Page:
After the required partners have been briefed and everyone has agreed upon the objectives of the program, the security team must work with the cloud infrastructure team to decide how they will perform the assessment. As described earlier, cloud platforms like Azure and AWS provide some CSPM capabilities out-of-the-box, but these may be limited. So, the organization needs to assess existing capabilities and determine if they meet their needs. 

If they find that the tools available to them won’t achieve their goals, the security and technology teams will need to research their options. Maybe they will decide to invest more money in the cloud platform to access additional features. They also might look at third-party vendors that specialize in CSPM that provide more capabilities like automation and mapping to control frameworks (e.g., NIST or CIS). The key takeaway of this phase is to come to a decision that will best achieve the agreed-upon objective of the CSPM program.


Perform the Assessment

With objectives defined and the assessment approach settled (and procured if necessary), the security team is now ready to perform the assessment. This is the quickest, easiest step, as it typically involves configuring a scan to run within the CSPM tool that’s being used. The important consideration for this stage is the scope of the initial and subsequent assessments. 

Today, many large enterprises use multiple cloud environments and should assess each platform. Although many companies may primarily operate on one cloud platform, ignoring cloud platforms that are only used minimally can leave the company open to the same level of risk as no assessment at all. Attackers won’t discriminate if they stumble on misconfigurations, even in a seemingly small cloud presence. They will always do as much damage as they can if a vulnerability is available to them. Thus,the organization must ensure that the scope of CSPM assessment contains their cloud presence in its entirety.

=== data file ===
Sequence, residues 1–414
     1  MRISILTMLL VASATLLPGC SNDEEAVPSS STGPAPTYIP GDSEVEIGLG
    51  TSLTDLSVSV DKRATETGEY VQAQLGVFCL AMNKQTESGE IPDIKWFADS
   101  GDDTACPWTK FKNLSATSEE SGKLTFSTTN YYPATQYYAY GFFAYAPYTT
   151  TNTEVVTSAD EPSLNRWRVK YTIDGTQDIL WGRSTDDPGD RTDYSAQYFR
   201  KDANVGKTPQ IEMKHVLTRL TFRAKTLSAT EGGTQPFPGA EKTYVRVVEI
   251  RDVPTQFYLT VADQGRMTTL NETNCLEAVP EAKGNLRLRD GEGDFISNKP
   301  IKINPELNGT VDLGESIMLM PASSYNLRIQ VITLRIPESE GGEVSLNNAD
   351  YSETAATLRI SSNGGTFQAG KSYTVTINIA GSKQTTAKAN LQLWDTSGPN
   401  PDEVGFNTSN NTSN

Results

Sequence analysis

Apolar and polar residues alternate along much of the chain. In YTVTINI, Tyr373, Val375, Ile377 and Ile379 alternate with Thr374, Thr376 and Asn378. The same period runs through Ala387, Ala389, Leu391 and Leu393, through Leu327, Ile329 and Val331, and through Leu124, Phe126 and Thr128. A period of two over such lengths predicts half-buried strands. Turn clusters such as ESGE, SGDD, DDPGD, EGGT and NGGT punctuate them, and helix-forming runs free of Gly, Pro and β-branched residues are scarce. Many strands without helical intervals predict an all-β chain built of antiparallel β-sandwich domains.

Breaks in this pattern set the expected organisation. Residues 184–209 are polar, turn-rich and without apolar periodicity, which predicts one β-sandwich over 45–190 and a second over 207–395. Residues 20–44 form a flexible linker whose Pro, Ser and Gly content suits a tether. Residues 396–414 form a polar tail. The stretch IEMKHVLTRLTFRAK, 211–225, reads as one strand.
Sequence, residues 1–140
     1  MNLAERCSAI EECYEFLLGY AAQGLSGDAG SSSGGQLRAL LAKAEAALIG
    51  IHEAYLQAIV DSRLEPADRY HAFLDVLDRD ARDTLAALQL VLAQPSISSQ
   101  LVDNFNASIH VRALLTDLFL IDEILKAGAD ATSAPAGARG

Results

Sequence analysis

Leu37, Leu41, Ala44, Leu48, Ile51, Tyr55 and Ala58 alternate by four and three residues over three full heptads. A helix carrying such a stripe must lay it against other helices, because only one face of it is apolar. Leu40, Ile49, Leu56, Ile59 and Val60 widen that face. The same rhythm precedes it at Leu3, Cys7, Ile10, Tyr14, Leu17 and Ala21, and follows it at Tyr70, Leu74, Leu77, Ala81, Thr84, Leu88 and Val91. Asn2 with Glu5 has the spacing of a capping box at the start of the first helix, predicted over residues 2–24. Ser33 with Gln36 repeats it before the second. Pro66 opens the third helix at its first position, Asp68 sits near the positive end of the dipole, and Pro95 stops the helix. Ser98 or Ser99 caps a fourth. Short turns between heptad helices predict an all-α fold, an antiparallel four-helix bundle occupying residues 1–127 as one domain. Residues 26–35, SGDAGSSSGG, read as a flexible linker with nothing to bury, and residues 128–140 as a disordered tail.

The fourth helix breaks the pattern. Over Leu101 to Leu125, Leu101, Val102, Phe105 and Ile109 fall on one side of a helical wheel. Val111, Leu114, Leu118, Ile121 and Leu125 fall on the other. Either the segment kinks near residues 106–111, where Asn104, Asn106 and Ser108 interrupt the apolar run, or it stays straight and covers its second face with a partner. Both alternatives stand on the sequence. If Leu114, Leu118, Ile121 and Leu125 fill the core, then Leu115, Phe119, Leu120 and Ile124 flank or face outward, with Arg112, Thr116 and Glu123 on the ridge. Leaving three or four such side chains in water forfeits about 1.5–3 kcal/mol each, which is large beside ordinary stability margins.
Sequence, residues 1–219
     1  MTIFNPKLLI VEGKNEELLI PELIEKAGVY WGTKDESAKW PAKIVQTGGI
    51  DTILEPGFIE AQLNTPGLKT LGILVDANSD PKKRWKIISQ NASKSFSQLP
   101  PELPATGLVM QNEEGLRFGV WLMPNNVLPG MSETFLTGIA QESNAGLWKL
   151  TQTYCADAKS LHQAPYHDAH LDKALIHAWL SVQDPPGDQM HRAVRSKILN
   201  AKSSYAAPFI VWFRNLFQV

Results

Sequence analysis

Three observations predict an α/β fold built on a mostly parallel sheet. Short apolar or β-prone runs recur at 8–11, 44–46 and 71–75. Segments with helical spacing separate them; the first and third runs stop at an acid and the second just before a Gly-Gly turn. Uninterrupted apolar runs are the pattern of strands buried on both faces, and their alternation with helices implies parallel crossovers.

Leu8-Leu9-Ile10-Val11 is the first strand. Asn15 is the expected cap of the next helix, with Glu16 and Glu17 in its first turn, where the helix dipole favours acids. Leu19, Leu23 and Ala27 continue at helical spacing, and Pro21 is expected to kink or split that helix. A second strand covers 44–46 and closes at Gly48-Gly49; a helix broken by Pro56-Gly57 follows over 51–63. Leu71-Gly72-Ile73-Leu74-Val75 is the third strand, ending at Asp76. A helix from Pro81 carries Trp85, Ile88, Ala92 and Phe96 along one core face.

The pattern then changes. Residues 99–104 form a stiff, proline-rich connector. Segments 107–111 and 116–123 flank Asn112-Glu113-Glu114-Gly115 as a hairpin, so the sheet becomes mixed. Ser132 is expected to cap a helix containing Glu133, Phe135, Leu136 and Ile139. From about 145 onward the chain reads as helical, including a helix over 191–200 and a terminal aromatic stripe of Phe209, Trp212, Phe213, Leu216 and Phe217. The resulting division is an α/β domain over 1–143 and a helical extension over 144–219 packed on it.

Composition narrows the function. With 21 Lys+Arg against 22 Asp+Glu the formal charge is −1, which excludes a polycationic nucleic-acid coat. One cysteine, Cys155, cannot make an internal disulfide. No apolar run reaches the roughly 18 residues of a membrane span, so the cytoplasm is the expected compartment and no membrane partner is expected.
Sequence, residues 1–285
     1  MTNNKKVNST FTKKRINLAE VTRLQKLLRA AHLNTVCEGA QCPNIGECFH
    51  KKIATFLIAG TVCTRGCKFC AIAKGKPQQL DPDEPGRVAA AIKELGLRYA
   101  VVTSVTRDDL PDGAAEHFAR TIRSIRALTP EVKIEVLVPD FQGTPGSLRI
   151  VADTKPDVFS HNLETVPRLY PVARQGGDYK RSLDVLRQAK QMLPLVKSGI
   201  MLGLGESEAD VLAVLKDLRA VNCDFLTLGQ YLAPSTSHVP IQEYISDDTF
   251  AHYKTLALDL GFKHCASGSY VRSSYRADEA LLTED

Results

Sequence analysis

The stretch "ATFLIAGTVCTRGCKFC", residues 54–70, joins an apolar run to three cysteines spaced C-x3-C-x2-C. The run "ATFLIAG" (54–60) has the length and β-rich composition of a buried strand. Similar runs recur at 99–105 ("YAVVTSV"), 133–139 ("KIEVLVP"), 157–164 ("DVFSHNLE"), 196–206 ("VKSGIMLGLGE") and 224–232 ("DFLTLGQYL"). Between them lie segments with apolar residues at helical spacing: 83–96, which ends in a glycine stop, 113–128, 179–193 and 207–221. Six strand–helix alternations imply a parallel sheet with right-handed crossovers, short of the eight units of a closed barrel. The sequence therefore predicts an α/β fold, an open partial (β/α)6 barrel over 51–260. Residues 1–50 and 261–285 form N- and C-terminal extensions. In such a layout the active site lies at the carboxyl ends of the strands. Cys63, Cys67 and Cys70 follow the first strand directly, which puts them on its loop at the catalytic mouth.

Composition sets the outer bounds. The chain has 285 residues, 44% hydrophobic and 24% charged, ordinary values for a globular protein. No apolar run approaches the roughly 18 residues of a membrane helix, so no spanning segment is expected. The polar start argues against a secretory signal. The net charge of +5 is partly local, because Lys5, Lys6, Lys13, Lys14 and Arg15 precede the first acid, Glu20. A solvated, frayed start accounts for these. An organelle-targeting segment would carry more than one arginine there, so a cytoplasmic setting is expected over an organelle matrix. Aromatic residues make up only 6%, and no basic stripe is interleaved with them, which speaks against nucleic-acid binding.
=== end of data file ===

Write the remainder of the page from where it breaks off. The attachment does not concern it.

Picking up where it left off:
Review Results and Prioritize Mitigation

The final phase of the CSPM process is to review the results of the assessment(s) and prioritize the mitigation of the findings. CSPM tools help with this by ranking the findings by severity. For example, a misconfigured firewall or storage account, resulting in public exposure, will likely always be scored as a critical finding that should be reviewed and resolved as soon as possible. 

The security team typically performs and monitors the assessments and then reviews the findings and collaborates with the respective technology teams to create an action plan. CSPM is very similar to vulnerability management programs in this respect since there will likely be many discoveries, but the teams must use the severity ratings from the assessment along with business knowledge to prioritize remediation efforts. For instance, a medium- or high-severity finding may exist on two public-facing applications, but only one of those applications is business-critical, which means that application is crucial to business continuity. In this situation, the security team should prioritize the remediation of misconfigurations affecting the business-critical application prior to the other application. 

Along with developing action plans, the security team should create an internal process they can use to track the progress of remediation efforts. However they track the findings, the team should ensure to assign ownership of the remediation and set deadlines as well. This helps to set expectations and hold those involved accountable to remediating the misconfigurations that have been assigned to them. 

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Wash, Rinse, and Repeat

As you may have guessed by now, CSPM isn’t a one-and-done sort of assessment. These assessments can be run as frequently as an organization wants, but typically security teams decide to perform them on a weekly basis. Why? Because cloud environments are constantly changing. 

Cloud platforms enable engineers, developers, and administrators to spin up servers, applications, storage accounts, and more with the click of a button. Although cloud computing has plenty of benefits, one of its biggest downfalls is the ease with which a mistake can be made. An engineer is always one click away from building a server and accidentally leaving a remote access port open, like RDP or SSH. Similarly, a network administrator can easily delete the wrong firewall rule and leave an entire portion of the internal network exposed to the entire internet. 

CSPM helps to catch these mistakes. It’s a proactive assessment that’s used to identify these security risks that can lead to data breaches and cyber attacks. For this reason, it’s crucial to develop a CSPM program that takes an iterative approach to assess, review, prioritize, and mitigate findings. With a CSPM program like this in place, an organization can rest assured that they are aware of their cloud security posture and taking the necessary steps to ensure it remains secure.